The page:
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dc.contributor.authorMusharraf, Sadia
dc.contributor.authorBauman, Sheri
dc.contributor.authorAnis-Ul-Haque, Muhammad
dc.contributor.authorMalik, Jamil Ahmad
dc.date.accessioned2019-09-05T00:49:50Z
dc.date.available2019-09-05T00:49:50Z
dc.date.issued2019-05-14
dc.identifier.citationMusharraf S, Bauman S, Anis-ul-Haque M and Malik JA (2019) General and ICT Self-Efficacy in Different Participants Roles in Cyberbullying/Victimization Among Pakistani University Students. Front. Psychol. 10:1098. doi: 10.3389/fpsyg.2019.01098en_US
dc.identifier.issn1664-1078
dc.identifier.pmid31139126
dc.identifier.doi10.3389/fpsyg.2019.01098
dc.identifier.urihttp://hdl.handle.net/10150/634072
dc.description.abstractThe study examines both general and Internet and Communication Technology (ICT) self-efficacy in cyber-victims, cyber-bullies, and cyber bully victims in comparison to un-involved students. Gender differences were also examined. A total of 1115 Pakistani university students from six universities participated in the study. Analyses were conducted on 950 complete cases (371 males, and 579 females). Data were collected on cyberbullying/victimization, general self-efficacy (GSE), ICT self-efficacy, traditional bullying/victimization, ICT usage, social desirability, and demographics. Multinomial logistic regression analysis indicated that ICT self-efficacy significantly decreased the probability of being a cyber-victim and significantly increased the chances of being a cyber-bully whereas GSE appeared to have no role in predicting participant roles in cyberbullying after controlling for covariates (i.e., age, gender, traditional bullying, traditional victimization, social desirability, Internet usage, time spent on the Internet, and social networking sites (SNS). Findings of the study have important implications for developing and enhancing interventions with respect to the inclusion of ICT related skills in anti-cyberbullying programs. With respect to gender, findings showed that females reported a higher level of victimization while males reported higher perpetration on both traditional and cyberbullying.en_US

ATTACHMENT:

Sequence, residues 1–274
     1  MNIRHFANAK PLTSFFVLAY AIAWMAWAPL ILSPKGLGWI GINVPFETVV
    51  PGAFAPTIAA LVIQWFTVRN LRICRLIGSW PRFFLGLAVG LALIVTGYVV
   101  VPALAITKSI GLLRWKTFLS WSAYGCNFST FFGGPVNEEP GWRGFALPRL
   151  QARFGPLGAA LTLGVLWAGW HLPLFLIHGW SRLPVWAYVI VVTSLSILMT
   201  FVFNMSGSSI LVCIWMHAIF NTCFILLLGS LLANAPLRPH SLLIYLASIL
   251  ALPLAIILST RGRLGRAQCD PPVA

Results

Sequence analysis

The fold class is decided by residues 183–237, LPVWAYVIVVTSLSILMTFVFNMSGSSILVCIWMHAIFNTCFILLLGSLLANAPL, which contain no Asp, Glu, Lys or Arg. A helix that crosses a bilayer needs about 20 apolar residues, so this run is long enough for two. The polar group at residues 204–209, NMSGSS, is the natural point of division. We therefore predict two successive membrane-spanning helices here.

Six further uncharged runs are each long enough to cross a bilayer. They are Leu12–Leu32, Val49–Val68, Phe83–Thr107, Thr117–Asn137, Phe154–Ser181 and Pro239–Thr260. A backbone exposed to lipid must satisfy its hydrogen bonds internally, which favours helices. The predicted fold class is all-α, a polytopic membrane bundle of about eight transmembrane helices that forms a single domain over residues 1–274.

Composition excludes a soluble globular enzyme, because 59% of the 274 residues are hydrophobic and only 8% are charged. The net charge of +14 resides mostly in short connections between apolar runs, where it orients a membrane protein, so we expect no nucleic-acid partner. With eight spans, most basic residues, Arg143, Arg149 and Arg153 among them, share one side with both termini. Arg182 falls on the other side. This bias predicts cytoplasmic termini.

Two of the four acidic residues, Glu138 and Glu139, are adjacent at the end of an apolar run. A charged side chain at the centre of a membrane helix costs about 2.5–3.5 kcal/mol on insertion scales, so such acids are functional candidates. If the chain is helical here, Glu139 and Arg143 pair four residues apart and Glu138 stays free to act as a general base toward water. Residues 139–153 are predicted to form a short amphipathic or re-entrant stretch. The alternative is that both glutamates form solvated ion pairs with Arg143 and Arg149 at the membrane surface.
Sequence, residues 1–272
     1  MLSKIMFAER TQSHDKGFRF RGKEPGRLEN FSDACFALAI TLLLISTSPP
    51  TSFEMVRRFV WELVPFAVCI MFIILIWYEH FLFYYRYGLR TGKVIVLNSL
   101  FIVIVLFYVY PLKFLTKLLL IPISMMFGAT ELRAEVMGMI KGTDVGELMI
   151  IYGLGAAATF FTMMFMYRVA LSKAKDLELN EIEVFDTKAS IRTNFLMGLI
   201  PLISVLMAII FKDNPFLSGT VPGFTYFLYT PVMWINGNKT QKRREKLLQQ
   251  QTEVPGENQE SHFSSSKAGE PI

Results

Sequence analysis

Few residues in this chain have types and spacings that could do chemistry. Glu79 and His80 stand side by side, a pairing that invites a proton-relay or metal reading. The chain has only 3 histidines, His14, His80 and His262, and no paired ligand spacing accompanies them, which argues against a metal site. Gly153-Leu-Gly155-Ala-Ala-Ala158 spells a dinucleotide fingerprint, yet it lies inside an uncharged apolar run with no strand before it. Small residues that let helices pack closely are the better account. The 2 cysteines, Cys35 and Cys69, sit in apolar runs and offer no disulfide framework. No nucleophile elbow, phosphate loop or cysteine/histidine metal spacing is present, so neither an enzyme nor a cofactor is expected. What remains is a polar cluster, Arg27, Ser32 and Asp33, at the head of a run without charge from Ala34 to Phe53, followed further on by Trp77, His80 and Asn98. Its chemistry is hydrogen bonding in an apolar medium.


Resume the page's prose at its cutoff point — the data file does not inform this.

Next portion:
dc.language.isoenen_US
dc.publisherFRONTIERS MEDIA SAen_US
dc.rightsCopyright © 2019 Musharraf, Bauman, Anis-ul-Haque and Malik. This is an open-access article distributed under the terms of the Creative Commons Attribution License (CC BY).en_US
dc.rights.urihttps://creativecommons.org/licenses/by/4.0/
dc.subjectICT self-efficacyen_US
dc.subjectPakistanen_US
dc.subjectcyber victimizationen_US
dc.subjectcyberbullyingen_US
dc.subjectgeneral self-efficacyen_US
dc.subjecttraditional bullyingen_US
dc.subjecttraditional victimizationen_US
dc.subjectuniversity studentsen_US
dc.titleGeneral and ICT Self-Efficacy in Different Participants Roles in Cyberbullying/Victimization Among Pakistani University Studentsen_US
dc.typeArticleen_US
dc.contributor.departmentUniv Arizona, Disabil & Psychoeduc Studiesen_US
dc.identifier.journalFRONTIERS IN PSYCHOLOGYen_US
dc.description.noteOpen access journal.en_US
dc.description.collectioninformationThis item from the UA Faculty Publications collection is made available by the University of Arizona with support from the University of Arizona Libraries. If you have questions, please contact us at repository@u.library.arizona.edu.en_US
dc.eprint.versionFinal published versionen_US
dc.source.journaltitleFrontiers in psychology
refterms.dateFOA2019-09-05T00:49:50Z


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Copyright © 2019 Musharraf, Bauman, Anis-ul-Haque and Malik. This is an open-access article distributed under the terms of the Creative Commons Attribution License (CC BY).
Except where otherwise noted, this item's license is described as Copyright © 2019 Musharraf, Bauman, Anis-ul-Haque and Malik. This is an open-access article distributed under the terms of the Creative Commons Attribution License (CC BY).